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Fiona Haynes

Will Pork Become the New Chicken?

By June 22, 2007

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Those who have sworn off red meat may be interested to know that there is indeed another white meat out there, a claim that the National Pork Board has made for many years. But it seems that, thanks to the breeding of leaner hogs, pork is actually leaner than ever before, with pork tenderloin now as lean as an equivalent-sized skinless chicken breast.

Pork tenderloin now qualifies as extra lean, as it meets the government’s requirement that it contain less than 5 grams of fat, less than 2 grams of saturated fat and less than 95 milligrams of cholesterol per serving. Five other cuts of pork can now be considered lean, which means they contain less than 10 grams of fat, less than 4.5 grams of saturated fat and less than 95 milligrams of cholesterol per serving. These pork cuts include: boneless top loin chops, boneless top loin roast, center loin chops, center rib chops and bone-in sirloin roast. The six leanest cuts of pork are said to be 16 percent leaner than 15 years ago and 27 percent lower in saturated fat.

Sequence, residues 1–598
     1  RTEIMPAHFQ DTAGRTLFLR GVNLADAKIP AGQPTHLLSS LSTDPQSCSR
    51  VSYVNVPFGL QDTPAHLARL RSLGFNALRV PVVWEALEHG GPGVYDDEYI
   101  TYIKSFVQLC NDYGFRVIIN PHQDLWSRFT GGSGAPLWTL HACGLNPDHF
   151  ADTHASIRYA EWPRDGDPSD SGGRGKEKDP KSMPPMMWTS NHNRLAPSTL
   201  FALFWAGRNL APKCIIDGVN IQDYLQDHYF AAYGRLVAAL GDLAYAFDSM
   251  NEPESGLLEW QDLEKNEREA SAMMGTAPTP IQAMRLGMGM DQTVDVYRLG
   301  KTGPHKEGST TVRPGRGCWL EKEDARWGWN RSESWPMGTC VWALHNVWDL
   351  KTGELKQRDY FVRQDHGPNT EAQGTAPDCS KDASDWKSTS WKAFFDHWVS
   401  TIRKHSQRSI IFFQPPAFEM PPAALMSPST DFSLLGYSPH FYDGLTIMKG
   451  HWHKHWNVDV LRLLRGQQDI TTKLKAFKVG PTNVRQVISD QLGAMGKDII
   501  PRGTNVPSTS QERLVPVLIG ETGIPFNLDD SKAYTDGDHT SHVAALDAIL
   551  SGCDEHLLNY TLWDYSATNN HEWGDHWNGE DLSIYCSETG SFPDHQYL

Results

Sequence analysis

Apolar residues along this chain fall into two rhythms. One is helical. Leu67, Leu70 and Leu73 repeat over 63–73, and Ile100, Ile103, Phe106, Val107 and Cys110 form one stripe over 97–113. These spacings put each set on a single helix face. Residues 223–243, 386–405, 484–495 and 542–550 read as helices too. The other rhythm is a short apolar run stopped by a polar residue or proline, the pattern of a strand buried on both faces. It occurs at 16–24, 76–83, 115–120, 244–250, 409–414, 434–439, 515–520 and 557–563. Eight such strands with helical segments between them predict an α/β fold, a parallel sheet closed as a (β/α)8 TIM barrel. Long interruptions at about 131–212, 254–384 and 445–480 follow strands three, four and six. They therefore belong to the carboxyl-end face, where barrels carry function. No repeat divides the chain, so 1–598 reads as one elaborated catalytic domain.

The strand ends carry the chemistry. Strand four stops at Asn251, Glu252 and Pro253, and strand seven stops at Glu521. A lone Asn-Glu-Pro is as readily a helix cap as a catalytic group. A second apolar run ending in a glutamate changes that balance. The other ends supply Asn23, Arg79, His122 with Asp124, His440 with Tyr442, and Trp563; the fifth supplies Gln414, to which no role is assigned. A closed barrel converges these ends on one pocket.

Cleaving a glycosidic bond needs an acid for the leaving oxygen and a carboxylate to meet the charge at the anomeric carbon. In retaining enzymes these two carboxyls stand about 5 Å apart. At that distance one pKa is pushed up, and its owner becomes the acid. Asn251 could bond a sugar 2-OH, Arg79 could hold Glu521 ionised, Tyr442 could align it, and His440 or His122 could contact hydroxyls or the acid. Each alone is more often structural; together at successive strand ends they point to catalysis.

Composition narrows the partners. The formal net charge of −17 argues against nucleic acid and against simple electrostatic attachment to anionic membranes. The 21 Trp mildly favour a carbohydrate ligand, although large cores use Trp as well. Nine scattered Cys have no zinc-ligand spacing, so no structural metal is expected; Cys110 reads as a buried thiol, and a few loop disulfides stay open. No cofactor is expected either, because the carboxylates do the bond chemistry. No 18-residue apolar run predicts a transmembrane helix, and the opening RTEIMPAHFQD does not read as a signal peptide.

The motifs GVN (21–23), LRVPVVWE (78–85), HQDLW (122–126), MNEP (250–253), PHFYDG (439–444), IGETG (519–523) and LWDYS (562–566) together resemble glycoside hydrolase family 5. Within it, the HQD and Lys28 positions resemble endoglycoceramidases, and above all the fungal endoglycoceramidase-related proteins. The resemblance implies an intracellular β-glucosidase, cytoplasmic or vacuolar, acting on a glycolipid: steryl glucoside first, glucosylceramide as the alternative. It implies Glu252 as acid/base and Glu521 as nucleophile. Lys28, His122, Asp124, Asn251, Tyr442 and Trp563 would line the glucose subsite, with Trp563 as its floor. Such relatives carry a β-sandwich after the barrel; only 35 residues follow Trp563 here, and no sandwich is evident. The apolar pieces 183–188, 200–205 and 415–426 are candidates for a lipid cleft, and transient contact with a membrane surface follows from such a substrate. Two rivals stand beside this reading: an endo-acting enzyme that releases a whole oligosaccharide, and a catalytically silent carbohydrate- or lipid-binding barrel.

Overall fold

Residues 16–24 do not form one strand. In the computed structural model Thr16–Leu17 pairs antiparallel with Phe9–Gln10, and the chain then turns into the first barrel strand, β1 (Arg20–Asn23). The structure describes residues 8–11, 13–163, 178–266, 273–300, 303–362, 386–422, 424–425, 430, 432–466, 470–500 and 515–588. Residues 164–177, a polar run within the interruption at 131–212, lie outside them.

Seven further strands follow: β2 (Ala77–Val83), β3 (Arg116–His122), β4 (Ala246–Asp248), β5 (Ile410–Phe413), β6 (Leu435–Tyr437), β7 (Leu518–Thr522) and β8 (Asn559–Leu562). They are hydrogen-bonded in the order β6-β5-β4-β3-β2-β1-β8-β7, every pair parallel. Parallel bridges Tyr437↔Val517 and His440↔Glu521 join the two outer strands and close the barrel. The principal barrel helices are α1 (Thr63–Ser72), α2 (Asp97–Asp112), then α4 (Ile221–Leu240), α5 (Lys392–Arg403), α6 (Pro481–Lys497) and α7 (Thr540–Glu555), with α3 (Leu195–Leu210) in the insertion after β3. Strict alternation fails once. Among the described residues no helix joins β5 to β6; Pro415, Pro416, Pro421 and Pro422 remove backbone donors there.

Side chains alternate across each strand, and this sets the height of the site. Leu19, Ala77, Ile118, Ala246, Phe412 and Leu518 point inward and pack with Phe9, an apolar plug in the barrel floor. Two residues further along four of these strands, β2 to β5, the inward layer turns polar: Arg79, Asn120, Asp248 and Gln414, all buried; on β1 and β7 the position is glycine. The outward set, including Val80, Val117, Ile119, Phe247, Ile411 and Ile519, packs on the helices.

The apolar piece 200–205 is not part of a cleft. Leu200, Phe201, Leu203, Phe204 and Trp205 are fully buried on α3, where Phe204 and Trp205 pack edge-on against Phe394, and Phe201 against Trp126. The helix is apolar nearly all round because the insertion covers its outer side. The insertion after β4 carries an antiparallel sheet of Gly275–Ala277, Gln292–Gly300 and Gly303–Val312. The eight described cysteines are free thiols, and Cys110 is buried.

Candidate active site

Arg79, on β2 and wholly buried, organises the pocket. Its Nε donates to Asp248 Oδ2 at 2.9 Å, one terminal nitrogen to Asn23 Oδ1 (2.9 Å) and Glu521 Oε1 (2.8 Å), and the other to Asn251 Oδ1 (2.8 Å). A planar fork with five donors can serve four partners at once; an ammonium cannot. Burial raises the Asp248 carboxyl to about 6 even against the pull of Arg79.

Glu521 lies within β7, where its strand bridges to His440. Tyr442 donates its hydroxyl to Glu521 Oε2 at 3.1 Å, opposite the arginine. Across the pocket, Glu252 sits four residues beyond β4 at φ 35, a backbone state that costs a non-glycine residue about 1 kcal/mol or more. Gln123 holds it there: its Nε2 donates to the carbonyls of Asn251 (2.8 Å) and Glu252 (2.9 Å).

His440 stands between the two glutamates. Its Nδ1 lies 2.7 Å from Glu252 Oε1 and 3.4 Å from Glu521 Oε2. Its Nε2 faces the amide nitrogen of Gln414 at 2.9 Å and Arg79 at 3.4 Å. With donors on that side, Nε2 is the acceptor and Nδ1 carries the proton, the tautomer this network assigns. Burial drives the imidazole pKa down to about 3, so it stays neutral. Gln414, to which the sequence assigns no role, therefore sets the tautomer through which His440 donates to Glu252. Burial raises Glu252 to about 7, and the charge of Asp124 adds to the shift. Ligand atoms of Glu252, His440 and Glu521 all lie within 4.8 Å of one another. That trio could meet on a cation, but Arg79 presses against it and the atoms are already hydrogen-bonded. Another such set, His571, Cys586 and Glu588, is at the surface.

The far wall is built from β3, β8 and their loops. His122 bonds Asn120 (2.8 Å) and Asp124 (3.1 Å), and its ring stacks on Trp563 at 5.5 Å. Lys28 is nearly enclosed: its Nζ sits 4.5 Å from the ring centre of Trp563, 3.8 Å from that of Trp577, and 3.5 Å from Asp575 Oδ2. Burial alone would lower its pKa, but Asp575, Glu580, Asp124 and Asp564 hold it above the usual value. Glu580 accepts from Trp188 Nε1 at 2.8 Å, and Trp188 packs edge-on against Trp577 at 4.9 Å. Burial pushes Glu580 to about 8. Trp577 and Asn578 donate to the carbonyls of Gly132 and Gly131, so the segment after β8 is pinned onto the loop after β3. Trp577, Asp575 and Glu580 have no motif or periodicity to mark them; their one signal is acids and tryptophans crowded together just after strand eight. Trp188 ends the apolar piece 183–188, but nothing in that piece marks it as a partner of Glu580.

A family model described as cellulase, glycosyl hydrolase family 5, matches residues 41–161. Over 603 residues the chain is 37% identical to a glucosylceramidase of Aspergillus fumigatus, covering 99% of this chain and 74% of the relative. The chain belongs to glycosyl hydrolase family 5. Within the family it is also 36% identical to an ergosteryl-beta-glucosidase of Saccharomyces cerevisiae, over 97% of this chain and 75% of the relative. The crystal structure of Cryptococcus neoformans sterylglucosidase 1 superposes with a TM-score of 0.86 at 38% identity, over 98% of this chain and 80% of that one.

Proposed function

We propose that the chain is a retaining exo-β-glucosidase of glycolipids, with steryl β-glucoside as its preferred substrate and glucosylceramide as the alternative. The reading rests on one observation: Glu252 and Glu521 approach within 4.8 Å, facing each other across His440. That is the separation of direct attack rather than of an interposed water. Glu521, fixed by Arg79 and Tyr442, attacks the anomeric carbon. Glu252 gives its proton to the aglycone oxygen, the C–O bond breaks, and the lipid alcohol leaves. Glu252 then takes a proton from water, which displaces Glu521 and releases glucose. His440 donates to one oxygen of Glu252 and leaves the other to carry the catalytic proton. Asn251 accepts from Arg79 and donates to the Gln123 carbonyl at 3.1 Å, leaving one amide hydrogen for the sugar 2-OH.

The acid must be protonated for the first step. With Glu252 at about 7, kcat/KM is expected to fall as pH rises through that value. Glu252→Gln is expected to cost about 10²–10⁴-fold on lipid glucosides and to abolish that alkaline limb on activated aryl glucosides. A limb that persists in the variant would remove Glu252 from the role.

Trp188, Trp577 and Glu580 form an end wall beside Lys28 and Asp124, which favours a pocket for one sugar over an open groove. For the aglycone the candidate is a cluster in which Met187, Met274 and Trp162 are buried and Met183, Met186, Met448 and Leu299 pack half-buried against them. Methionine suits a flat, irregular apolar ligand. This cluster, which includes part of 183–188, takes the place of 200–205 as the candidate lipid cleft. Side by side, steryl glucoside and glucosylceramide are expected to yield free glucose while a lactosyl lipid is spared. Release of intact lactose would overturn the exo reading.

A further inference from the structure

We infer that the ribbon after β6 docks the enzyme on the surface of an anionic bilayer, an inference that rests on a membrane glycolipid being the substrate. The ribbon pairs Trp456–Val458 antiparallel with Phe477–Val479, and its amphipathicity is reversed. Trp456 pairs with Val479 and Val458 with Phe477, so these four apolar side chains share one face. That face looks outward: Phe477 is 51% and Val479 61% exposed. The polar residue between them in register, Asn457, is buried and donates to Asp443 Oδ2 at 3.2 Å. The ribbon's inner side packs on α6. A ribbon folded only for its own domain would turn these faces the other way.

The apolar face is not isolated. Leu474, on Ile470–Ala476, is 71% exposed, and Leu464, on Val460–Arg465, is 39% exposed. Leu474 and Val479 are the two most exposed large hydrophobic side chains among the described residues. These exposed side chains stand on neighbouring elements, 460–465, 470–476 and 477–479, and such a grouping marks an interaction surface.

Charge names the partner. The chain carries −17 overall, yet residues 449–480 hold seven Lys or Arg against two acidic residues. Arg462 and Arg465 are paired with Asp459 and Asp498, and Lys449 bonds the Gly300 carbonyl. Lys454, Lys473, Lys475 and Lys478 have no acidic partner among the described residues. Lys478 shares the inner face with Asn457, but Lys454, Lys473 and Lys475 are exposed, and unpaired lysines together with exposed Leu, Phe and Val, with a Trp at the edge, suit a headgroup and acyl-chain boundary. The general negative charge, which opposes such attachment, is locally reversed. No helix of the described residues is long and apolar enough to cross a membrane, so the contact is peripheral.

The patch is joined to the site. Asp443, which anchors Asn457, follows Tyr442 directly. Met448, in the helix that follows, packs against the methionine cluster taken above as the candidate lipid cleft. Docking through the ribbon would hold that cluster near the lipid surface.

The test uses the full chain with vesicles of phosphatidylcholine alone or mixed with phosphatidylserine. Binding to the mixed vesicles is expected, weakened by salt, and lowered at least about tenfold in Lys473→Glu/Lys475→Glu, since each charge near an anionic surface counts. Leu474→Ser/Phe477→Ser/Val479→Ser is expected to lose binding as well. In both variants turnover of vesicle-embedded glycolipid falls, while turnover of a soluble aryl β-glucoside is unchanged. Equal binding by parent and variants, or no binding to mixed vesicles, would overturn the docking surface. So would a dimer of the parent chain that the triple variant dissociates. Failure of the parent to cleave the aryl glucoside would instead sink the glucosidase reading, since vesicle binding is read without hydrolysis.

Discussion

The findings are the results of a collaborative study between the U.S. Department of Agriculture, the University of Madison-Wisconsin, and the University of Maryland, which was funded by the National Pork Board. Scientists compared samples of nine cuts of pork and analyzed them for calories, total fat, saturated fat, trans fat, cholesterol, vitamins and minerals. The results were compared with the data collected in 1991.

Whether or not pork becomes as ubiquitous as chicken at the dinner table, it certainly offers us another lean-meat option if we’re eating low fat.

Lean Pork Recipes

Barbecued Pork Chops © 2006 Fiona Haynes, licensed to About.com, Inc.

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